The Oasis - September 1, 2021
Author: Rev. Eric Dupee
September 01, 2021
As Labor Day approaches, I’m mindful that finding work-life balance has been difficult for many of us. During the pandemic, many workers have been working from home, which has its advantages. It also comes with potential disadvantages. In an article by Elaine Meyer in Yes! magazine, Andrew Pakes explains that the conflation of private space and work space has led to difficulty in what he calls “switching off.” He writes, “How do you put a bad day at work behind you if your office is also your kitchen or your dining room or your spare room?”
I’m not advocating for this, but in the same article, Meyer cites a study suggesting there can be benefits to a shorter work week. Regarding New Zealand company Perpetual Guardian, she writes, “After the company shifted its more than 240 employees to a four-day work week – without cutting pay – employees’ stress levels decreased by 7%, while job engagement increased by 40%, according to an independent study the company commissioned.”
As I look out my window, I see one of the dedicated cemetery workers cutting the grass. I consider it an important ministry to maintain the grounds at First Parish Cemetery. Our cemetery workers assist grieving families and the town as a whole in a number of ways. I’m a big believer that most if not every job can be viewed as ministry. If it involves serving people and caring for their needs, it’s a ministry.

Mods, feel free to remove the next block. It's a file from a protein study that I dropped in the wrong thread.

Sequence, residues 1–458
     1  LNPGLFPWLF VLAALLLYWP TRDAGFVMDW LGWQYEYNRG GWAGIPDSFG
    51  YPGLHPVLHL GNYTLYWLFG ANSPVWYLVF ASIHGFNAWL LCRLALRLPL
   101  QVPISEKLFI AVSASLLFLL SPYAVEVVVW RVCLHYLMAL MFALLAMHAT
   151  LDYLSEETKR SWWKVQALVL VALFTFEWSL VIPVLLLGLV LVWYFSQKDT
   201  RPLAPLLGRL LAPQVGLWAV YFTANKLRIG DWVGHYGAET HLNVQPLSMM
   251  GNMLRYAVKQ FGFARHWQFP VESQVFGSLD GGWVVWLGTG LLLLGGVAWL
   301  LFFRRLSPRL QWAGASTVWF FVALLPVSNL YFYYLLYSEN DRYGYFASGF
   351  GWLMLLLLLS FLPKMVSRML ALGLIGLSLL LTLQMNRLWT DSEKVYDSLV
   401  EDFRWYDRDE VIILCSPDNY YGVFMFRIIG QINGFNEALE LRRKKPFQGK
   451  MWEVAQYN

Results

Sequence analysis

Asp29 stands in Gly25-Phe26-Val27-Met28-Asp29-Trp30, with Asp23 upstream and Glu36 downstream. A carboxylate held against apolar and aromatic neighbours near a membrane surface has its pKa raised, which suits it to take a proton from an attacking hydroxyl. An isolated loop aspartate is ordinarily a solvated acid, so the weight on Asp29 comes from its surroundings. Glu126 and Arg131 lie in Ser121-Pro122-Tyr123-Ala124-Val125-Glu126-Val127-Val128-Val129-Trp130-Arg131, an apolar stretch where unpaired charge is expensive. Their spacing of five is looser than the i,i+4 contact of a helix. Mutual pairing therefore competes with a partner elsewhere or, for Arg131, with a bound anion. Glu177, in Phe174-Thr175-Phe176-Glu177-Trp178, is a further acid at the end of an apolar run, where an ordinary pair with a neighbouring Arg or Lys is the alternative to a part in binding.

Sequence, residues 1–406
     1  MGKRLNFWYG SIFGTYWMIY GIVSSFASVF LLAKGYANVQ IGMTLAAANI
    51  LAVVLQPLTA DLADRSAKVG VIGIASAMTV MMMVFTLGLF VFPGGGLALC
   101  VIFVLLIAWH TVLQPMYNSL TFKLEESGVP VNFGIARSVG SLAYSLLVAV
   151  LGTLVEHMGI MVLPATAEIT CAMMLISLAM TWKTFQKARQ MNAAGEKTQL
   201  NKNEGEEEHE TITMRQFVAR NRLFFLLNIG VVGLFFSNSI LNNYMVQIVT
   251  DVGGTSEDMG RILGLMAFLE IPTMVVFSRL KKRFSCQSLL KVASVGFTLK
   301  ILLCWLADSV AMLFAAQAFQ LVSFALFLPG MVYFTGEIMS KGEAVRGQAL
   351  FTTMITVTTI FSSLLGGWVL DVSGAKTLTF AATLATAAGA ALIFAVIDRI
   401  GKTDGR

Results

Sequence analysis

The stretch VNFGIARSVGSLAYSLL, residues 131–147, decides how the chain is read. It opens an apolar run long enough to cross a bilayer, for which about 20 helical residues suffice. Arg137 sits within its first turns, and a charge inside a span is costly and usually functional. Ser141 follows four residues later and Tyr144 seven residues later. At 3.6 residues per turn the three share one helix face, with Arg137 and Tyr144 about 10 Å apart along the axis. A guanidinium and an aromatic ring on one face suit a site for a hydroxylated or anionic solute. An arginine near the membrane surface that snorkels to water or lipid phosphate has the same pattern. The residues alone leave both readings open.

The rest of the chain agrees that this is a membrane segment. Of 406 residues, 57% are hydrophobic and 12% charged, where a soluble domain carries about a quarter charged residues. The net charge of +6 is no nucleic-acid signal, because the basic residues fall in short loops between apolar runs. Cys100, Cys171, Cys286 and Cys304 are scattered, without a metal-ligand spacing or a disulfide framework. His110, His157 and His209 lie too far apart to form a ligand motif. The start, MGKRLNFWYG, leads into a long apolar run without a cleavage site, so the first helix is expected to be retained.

My heart goes out to people who struggle with work-life balance, to those who are without meaningful work, and to those whose income has been negatively affected by the pandemic. I hope these words of Marianne Williamson will be meaningful to you. She wrote, “No matter what we do, we can make it our ministry. No matter what form our job or activity takes, the content is the same as everyone else’s: we are here to minister to human hearts. If we talk to anyone, or see anyone, or even think of anyone, then we have the opportunity to bring more love into the universe. From a waitress to the head of a movie studio, from an elevator operator to the president of a nation, there is no one who’s job is unimportant to God.”